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Retirement Planning > Retirement Investing > Annuity Investing

Study Finds 'Guaranteed Income for Life' More Popular Than Annuities

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What You Need to Know

  • A Morningstar researcher asked the same questions about a hypothetical product with different names and got different answers.
  • Participants who were more worried about running out of money were more attracted to deferred annuities.
  • Participants more comfortable with buying an income product reported more willingness to delay claiming Social Security benefits.

Retirement experts have often said that the name “annuities” should be changed due to the historically bad reputation of these products. With a resurgence of this retirement product, one researcher looked at why it matters what a product is called.

In his research paper “People Prefer a Guaranteed Income Stream for Life Over an Annuity,” Stan Treger, senior behavioral scientist at Morningstar, found two key points: (1) People are more willing to use their 401(k) to purchase a guaranteed income stream for life rather than an annuity, and (2) the thought of running out of money in retirement increases preferences for deferred over immediate annuities.

Study Findings

Treger’s research was most interested in “whether the label of the product alone can ‘make or break’ its appeal to prospective retirees.” He used the terms “annuity” vs. “guaranteed income for life” to determine the response by participants.

He also looked at the “psychological foundations behind annuity choice,” or how those who were interested in annuities chose from products with different features.

The research included 1,067 U.S. residents over 30 who were employed or about to begin work.

The study asked several questions about a retirement product. For about half of participants, the product was described as “a guaranteed stream of income for life.” For the other half, it was described as an “annuity.”

The survey asked if a person would exchange a portion of their 401(k) balance for a product that starts at retirement and ends at death, would they allow their employer to exchange a portion of their retirement of their retirement savings for a product, how much would they be willing to put toward a product, whether they would pay a lump sum to gain immediate income (immediate annuity) or pay a smaller amount for income later in life (deferred annuity), and whether participants would delay Social Security income to receive more money later in retirement.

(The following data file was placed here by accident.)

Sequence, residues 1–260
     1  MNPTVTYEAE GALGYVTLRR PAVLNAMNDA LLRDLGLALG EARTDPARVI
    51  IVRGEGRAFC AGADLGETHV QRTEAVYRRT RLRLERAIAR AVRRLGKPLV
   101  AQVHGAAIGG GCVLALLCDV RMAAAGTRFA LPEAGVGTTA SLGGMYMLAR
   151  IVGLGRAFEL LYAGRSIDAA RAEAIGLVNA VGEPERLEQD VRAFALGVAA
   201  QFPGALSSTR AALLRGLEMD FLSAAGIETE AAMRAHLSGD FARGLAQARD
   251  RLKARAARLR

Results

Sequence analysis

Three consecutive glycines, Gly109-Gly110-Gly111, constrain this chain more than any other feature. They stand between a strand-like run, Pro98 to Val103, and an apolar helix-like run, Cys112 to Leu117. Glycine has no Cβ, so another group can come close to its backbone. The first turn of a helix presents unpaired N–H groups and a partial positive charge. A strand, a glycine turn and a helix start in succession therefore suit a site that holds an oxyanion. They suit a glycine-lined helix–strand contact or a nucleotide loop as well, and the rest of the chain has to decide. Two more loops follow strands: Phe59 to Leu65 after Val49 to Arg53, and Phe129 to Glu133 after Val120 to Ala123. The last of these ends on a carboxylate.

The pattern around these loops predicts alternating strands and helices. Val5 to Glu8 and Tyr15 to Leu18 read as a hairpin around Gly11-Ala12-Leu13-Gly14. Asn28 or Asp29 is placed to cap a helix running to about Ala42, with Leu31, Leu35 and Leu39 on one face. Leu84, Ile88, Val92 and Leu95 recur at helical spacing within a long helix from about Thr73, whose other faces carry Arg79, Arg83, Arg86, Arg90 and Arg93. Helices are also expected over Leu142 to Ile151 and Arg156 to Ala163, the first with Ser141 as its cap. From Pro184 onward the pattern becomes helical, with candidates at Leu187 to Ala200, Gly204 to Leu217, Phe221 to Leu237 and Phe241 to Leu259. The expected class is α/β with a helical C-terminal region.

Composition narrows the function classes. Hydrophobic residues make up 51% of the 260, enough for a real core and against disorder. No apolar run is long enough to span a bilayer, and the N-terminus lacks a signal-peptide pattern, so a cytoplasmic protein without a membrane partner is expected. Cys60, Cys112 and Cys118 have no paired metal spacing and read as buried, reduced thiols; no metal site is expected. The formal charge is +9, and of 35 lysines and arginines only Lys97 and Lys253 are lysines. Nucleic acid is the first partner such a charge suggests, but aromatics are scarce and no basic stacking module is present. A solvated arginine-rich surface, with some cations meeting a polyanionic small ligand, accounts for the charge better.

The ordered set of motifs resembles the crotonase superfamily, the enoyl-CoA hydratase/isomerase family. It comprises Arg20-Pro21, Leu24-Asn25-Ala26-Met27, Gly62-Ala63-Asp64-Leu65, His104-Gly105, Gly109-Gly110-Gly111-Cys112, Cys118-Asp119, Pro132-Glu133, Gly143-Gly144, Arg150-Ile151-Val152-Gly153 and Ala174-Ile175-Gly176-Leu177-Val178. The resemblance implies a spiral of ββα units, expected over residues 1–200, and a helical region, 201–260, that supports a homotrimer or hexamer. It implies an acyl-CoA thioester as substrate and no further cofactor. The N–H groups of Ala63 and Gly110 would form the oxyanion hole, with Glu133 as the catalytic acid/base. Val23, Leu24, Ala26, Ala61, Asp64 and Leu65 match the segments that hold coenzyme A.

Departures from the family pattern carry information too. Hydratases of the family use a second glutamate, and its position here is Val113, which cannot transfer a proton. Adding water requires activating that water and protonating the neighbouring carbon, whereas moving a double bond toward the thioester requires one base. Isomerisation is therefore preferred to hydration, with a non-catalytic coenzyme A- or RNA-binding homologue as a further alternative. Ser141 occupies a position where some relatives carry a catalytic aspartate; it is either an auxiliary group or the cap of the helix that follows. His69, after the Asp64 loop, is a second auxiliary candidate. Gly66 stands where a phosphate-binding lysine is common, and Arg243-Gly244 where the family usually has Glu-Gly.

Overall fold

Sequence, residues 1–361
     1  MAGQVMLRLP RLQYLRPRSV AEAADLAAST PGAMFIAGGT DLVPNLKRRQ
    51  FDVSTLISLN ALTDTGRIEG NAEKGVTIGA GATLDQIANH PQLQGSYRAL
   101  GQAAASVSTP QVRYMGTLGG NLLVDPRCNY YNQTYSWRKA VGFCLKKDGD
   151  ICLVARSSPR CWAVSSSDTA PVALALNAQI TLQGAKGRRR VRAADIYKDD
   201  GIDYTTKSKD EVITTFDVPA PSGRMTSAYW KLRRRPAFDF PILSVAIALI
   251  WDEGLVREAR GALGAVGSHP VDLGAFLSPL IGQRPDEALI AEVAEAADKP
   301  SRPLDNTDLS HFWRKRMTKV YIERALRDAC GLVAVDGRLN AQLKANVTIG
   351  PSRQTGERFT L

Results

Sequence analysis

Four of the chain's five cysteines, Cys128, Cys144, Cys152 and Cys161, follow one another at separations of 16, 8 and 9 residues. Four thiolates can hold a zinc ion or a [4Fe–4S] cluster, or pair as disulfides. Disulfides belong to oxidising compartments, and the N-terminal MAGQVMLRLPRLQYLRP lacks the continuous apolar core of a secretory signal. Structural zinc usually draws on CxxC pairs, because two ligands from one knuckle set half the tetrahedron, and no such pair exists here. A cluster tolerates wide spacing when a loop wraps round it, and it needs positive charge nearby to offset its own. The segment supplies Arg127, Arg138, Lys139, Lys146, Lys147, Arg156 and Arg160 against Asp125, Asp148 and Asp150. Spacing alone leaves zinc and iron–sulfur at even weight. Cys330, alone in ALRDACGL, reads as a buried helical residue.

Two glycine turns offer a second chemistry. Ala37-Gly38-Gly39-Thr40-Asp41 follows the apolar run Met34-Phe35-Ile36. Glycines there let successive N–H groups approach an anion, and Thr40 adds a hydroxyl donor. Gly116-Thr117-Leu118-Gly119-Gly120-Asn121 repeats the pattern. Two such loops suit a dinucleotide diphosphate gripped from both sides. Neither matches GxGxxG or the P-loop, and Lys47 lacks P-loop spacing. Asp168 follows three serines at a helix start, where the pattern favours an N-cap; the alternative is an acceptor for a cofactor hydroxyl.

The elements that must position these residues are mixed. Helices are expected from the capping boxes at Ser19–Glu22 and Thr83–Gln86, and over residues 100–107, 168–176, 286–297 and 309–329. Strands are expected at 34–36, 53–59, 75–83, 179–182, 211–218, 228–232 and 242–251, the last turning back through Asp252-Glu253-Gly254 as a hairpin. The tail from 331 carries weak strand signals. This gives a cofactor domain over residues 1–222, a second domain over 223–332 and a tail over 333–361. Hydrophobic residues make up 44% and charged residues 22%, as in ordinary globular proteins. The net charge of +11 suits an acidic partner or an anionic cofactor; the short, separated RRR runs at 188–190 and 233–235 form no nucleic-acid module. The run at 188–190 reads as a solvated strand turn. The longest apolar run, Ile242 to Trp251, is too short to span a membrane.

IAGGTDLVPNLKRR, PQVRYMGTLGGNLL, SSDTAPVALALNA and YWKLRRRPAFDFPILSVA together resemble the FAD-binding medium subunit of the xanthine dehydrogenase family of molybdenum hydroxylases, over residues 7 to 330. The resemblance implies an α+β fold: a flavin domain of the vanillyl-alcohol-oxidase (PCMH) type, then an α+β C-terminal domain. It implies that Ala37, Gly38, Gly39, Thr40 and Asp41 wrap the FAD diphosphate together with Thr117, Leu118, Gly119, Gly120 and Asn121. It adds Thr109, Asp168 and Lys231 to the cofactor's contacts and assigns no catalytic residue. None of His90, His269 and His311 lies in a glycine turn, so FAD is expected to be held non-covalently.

‘Guaranteed Income’ vs. ‘Annuity’

Treger found that “our experimental results suggest that framing effects on annuities are not bound to the inner workings of their descriptions. Rather, they extend to the surface with the product’s label itself.”

Indeed, they found that using the term “guaranteed stream of income for life” rather than “annuity” increased participants’ willingness to use a chunk of savings for an annuity.

“These results hint that a simple product title change can make a difference in its appeal,” Traeger states. “People who see annuities for their intended purpose, a guaranteed stream of income that insures against depleting retirement funds, find them more appealing and are thus open to purchasing the product.”

Other Findings

The research also found:

  • There was concern about running out of money during retirement.
  • There was openness to an employer exchanging a portion of their retirement savings for the insurance product. Participants, however, wanted the decision to do so to be theirs.
  • The more concerned they were about running out of money, the higher the amount they were willing to put into this insurance product.
  • On average, participants were willing to exchange 30% of their retirement savings for guaranteed income for life.
  • The more comfortable participants were in exchanging a larger amount of savings for an insurance product, the more they were willing to delay Social Security benefits.
  • More preferred a larger sum and immediate payment to a smaller amount for deferred.
  • Those who were more worried about running out of money in retirement, however, preferred deferred products over immediate ones.